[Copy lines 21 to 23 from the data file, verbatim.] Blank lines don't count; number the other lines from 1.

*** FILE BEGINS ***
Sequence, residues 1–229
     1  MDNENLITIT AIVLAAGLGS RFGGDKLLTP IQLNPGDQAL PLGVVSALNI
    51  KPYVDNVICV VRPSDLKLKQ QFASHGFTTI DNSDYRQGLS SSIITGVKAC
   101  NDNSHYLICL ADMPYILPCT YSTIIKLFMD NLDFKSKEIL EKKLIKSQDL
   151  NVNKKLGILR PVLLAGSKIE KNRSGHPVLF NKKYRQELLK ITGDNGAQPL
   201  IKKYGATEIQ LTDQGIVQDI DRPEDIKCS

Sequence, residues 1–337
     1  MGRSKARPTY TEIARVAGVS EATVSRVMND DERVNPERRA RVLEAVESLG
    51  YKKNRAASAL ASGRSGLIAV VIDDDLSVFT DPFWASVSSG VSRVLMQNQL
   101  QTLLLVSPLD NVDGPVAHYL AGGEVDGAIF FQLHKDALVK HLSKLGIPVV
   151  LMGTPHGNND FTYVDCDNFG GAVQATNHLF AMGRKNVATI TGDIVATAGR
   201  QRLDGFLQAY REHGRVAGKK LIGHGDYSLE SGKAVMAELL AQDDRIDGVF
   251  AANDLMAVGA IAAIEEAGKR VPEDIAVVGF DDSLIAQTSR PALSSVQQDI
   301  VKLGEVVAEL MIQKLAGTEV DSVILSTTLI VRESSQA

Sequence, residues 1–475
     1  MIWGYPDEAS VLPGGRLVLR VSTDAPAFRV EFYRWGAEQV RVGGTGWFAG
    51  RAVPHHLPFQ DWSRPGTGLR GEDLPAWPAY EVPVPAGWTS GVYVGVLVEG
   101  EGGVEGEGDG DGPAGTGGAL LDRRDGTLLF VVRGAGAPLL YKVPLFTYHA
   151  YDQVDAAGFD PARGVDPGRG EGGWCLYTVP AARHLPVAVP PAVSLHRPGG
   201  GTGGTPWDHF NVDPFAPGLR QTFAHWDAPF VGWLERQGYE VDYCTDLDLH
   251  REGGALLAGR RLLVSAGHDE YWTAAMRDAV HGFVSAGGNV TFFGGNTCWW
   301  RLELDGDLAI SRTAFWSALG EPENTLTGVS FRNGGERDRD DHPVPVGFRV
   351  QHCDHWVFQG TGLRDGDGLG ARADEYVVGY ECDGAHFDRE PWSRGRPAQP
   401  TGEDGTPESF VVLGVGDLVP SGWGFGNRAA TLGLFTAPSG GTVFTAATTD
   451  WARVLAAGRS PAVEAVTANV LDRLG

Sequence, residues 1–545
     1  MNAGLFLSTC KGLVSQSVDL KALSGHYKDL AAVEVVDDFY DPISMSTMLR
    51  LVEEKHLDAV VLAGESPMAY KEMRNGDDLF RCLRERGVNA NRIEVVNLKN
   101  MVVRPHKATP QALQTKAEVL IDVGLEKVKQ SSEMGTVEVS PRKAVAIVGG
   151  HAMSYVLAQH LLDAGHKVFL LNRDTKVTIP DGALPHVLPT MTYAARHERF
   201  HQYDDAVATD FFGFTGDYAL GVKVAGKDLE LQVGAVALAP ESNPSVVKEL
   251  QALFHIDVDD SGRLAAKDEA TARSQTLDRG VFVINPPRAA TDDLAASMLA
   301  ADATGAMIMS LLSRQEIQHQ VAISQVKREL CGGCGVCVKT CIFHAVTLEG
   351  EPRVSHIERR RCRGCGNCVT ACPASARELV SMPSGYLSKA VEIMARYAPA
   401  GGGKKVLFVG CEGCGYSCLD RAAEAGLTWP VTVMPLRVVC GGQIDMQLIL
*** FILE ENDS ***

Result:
   251  REGGALLAGR RLLVSAGHDE YWTAAMRDAV HGFVSAGGNV TFFGGNTCWW
   301  RLELDGDLAI SRTAFWSALG EPENTLTGVS FRNGGERDRD DHPVPVGFRV
   351  QHCDHWVFQG TGLRDGDGLG ARADEYVVGY ECDGAHFDRE PWSRGRPAQP